The fifth skandh illustrates the characters of various kings including Priyavrata, Agnidhra, King Nabhi, Rishabhdeva and Bharata. This Bharata is not the son of Shakuntala but a different one. It also describes how Bharata was born as a deer due to his attachment to deer and later took birth in a Brahmin family due to the glory of the Gandaki river, along with his spiritual conversation with the king of Sindhu Sauveer. Along with this, just like the story of Puranjan, the path of life is symbolized and explained with another beautiful metaphor. Then the description of the Bharata dynasty and the description of the universe is given. After this, the story of the descent of river Ganga, geographical description of India, and the way of remembering Lord Vishnu through the Shishumara jyotish chakra, are all narrated. Finally, the different types of hells and their punishments are described in this skandha.
The description of ‘Narayan Kavach’ and ‘Punsavan Vrat Vidhi’ is mentioned in this skandh with the thought of welfare of people. Punsavan vrat (mentioned rituals and rules) helps to obtain sons, and it protects from various diseases and illness and the negative effects of planets. It should be done specially on Ekadashi and Dwadasi days.
This skandha begins with the narration of Ajamil’s story, a resident of Kanyakubja. At the time of his death, Ajamil calls out to his son ‘Narayan’. Hearing him call Narayan, Lord Vishnu’s messenger, came to take him to the abode of Lord Vishnu. Describing the glory and significance of Bhagavat Dharma, the messengers say that even if one is thief, drunkard, friend betrayer, murderer, having intercourse with someone else’s or Guru’s wife or someone who has committed any sins, he/she gets liberated from all the sins and bad deeds that he/she has committed by just chanting Lord Vishnu’s name. However, the sin of having intercourse with someone else’s or Guru’s wife cannot be erased and he/she has to go through the hellish consequences by falling into hell.
This skandha also describes the lineage of Daksha Prajapati. The mention of the use of Narayan Kavach by Indra that helped him to gain victory over his enemies is also narrated. The effect of this Kavach remains even after death. It also includes the story of the demon Vatrasur defeating God, the creation of Vajra from Dadhichi’s bones, and the death of Vatrasur.
The story of the beloved devotee of Prahalada and Hiranyakashipu is elaborately described in this seventh skandha. Apart from this, description of Manav-Dharma (human religion;true religion based on truth and morality), Varna- Dharma (duties performed according to the system of four varnas (social divisions) and four ashrams (stages in life), and Stree-Dharma (Women’s right way of living), are all briefly illustrated. Through the narrative story of devotee Prahlad, the importance and gravity of topics such as Dharma (religion), renunciation, devotion and selflessness is explained in this skandha.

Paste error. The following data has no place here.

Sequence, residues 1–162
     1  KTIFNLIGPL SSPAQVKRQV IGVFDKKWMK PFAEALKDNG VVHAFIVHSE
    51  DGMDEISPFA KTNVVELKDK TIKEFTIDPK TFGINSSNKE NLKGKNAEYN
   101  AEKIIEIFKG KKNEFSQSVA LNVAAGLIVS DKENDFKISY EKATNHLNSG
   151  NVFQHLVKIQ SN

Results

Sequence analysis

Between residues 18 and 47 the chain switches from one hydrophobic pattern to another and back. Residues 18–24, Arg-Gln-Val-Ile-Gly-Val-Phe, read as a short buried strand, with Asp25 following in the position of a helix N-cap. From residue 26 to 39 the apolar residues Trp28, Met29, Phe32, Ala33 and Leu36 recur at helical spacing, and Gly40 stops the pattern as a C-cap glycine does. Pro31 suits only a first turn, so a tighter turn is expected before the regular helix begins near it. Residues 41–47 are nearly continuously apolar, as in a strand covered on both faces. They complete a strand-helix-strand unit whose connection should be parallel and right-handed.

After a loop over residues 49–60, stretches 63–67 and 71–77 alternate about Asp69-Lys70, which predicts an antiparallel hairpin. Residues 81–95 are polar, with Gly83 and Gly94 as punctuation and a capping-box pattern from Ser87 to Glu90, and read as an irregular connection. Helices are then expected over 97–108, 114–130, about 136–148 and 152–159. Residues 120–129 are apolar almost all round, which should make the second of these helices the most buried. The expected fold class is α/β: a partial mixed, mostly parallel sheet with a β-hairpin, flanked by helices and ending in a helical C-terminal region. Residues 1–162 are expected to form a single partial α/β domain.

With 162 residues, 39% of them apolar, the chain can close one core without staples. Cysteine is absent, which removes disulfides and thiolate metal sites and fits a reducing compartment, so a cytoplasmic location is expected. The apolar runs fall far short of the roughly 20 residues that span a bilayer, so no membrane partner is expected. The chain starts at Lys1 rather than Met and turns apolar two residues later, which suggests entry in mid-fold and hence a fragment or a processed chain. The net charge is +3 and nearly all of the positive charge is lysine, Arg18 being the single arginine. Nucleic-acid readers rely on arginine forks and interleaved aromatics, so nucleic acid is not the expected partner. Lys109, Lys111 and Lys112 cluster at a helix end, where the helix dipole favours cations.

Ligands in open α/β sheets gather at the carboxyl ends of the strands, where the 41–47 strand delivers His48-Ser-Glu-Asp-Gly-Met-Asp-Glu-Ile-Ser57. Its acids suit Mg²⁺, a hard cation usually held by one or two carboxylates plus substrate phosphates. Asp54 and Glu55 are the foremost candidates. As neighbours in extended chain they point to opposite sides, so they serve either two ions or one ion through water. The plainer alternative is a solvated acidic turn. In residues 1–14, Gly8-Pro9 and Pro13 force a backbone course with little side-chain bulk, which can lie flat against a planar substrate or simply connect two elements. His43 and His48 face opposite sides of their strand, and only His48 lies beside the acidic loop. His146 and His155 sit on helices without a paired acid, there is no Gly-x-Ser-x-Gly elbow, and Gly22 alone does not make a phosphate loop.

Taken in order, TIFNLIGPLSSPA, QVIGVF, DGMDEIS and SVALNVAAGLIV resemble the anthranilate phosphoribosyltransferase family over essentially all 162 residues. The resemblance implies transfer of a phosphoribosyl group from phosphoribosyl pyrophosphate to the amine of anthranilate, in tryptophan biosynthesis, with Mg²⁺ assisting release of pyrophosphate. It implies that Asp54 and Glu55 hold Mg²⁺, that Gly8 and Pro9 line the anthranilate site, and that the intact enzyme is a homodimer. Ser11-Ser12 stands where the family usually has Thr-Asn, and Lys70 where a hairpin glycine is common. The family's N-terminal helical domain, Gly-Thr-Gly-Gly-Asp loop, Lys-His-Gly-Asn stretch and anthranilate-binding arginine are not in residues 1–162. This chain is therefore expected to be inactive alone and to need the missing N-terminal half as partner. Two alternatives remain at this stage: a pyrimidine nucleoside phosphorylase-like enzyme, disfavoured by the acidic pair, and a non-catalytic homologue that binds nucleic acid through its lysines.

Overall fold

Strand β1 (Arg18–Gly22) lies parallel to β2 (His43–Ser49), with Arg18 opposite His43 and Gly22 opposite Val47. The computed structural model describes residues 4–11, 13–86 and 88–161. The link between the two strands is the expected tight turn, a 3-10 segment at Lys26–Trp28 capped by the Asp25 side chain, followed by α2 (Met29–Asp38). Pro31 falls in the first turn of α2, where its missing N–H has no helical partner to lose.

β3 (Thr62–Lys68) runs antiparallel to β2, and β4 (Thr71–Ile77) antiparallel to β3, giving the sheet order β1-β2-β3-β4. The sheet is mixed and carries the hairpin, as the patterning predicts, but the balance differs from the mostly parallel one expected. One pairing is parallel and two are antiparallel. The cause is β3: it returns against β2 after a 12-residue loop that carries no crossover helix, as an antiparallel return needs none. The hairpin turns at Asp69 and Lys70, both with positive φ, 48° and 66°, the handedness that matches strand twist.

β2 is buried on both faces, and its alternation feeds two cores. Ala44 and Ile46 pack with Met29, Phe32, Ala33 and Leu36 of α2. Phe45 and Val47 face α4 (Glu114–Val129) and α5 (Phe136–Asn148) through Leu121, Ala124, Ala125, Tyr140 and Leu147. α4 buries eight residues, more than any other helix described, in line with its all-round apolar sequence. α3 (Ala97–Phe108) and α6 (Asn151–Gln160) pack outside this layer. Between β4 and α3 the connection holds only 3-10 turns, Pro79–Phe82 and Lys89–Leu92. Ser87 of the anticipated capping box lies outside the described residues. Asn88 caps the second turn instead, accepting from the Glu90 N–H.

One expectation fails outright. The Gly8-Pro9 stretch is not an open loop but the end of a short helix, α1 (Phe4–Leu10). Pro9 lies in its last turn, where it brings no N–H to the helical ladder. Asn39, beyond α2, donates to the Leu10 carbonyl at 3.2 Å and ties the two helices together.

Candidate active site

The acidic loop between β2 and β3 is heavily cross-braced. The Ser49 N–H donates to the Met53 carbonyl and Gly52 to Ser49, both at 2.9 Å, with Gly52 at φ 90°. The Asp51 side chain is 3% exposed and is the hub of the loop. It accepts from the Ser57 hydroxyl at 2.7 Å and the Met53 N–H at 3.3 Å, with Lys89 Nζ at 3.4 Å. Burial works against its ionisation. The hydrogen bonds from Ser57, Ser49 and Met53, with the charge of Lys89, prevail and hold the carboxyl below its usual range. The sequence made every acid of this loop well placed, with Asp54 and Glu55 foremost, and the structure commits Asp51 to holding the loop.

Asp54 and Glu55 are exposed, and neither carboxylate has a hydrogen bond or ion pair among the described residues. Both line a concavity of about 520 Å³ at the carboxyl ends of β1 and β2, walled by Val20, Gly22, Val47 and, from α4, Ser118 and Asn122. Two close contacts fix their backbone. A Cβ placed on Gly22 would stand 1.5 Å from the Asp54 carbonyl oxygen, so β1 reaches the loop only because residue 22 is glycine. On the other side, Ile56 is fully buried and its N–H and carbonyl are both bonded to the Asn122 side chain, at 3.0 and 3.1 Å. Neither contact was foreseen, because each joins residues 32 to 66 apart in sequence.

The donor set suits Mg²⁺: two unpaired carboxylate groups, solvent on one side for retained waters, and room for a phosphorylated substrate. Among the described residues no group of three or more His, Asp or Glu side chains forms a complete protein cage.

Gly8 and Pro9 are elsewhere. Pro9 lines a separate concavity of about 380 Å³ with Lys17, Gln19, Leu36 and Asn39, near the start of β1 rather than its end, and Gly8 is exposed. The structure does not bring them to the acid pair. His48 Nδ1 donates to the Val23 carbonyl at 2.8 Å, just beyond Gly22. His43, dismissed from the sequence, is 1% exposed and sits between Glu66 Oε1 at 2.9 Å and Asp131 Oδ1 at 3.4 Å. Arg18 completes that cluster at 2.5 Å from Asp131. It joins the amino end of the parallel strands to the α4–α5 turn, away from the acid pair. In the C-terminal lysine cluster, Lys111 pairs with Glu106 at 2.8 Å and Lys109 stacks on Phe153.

This skandha describes an interesting story of Lord Vishnu rescuing Gajendra (elephant) when he was caught by a crocodile. It also includes the story of Lord Vishnu distributing Amrit (sacred water that makes one immortal) in the form of Mohini (female avatar of Lord Vishnu) to the gods and demons during the Samudra-Manthan (the churning of ocean). This skandha also narrates the story of Devasur-sangram (a fierce battle that took place between Gods and Demons), and the ‘Vamana Avatara’ of Lord Vishnu. This skandha concludes with the story of the ‘Matsya Avatara’ (Lord Vishnu incarnated in the divine form of fish).
According to one of the characteristics of the puranas (scripture) – ‘Vanshanucharita’, this skandha describes the lineages of Manu and his five sons- Ikshavaku Vansha, Nimi Vansha, Chandra Vansha, Vishvamitra Vansha and Puru Vansha, Bharata Vansha, Magadha Vansha, Anu Vansha, Drahayu Vansha, Turvasu Vansha and Yadu Vansha. This skandha also provides a detailed description of Ram, Sita and others, and also illustrates their ideals and principals.
This skandha is divided into two parts- ‘Purvardha’ and ‘Uttarardha’. Lord Sri Krishna’s incarnation is elaborately illustrated in this skandha. The famous ‘Ras Panchadhyayi’ is also described in this. The chapters of ‘Purvardha’ narrate the story from the birth of Sri Krishna to Akroor ji’s visit to Hastinapur. The ‘Uttarardha’ describes the war with Jarasandha, the creation and construction of Dwarka city, the abduction of Rukmini, Sri Krishna’s married life, the death of Shishupal and few other narrations. This skandha is completely filled with various leelas (divine plays) of Lord Sri Krishna. It begins with the marriage of Vasudeva and Devaki. It narrates the prophecy, Kansa killing Devaki’s children, the birth of Sri Krishna, the childhood leelas (divine plays) of Sri Krishna, Gopalan, death of Kansa, Akroor’s visit to Hastinapur, the war with Jarasandh, the construction of Dwarka city, Krishna’s marriage with Rukhmini, the birth of Pradyumna, the death of Shambasur, the story of Syamantak jewel, Sri Krishna’s marriage with Jambavati and Satyabhama, the love story of Usha and Aniruddha, the war with Banasur and the story of King Nruga and many other incidents. The story of Krishna and Sudama’s friendship is also mentioned in this skandha.
The characteristics of Lord’s devotees are mentioned in this skandha through a conversation between King Janaka and nine yogis. Brahmaveta Dattatreya Maharaja advises Yadu by saying that one should seek patience from earth, contentment and detachment from air, infinity from sky, purity from water, detachment from fire, fleetingness from moon, knowledge from sun and the lesson or practice of renunciation. Further, the description of eighteen types of siddhis (supernatural powers) is described while instructing/teaching Uddhava. Then the mention of God’s glories and description of Varnashrama (social division and stages of life), Gyan Yog ( the path of knowledge that leads to Lord), Karma Yog ( the path of selfless actions; yoga) and Bhakti Yog (the path of devotion) are all narrated in this skandha.
This skandha describes the dynasties that ruled after King Parikshit. The summary is that the King Pradyotnna ruled for 138 years, followed by the servant kings of Shishunaga dynasty, ten kings of the Maurya dynasty for 136 years, ten kings of Shunga dynasty for 112 years, four kings of Kanva dynasty for 345 years, and then thirty kings of Andhra dynasty for 456 years. After them, there will be the rule of Aamir, Gardabhi, Kadd, Yavan,Turk, Gurund, and Mouna Kings. The Mouna King will rule for 300 years, and the remaining kings will rule for 1099 years. After them, the rule will pass to the Valihika dynasty and then to the Shudras (Lowest caste of Hindu) and Mlecchhas (evil-minded people). This purana (scripture) is of great significance not only as a spiritual and religious work, but also as a pure literary and historical work.